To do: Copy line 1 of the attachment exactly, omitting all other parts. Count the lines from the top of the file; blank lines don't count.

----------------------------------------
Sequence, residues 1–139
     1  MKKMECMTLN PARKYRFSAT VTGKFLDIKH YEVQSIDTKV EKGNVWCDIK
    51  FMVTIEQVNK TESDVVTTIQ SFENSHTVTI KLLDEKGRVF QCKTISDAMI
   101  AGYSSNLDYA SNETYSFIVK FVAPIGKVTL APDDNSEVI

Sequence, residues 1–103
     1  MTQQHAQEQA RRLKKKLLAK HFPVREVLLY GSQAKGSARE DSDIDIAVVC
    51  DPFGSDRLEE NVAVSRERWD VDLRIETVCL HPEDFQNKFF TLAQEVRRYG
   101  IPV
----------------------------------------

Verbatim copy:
Sequence, residues 1–139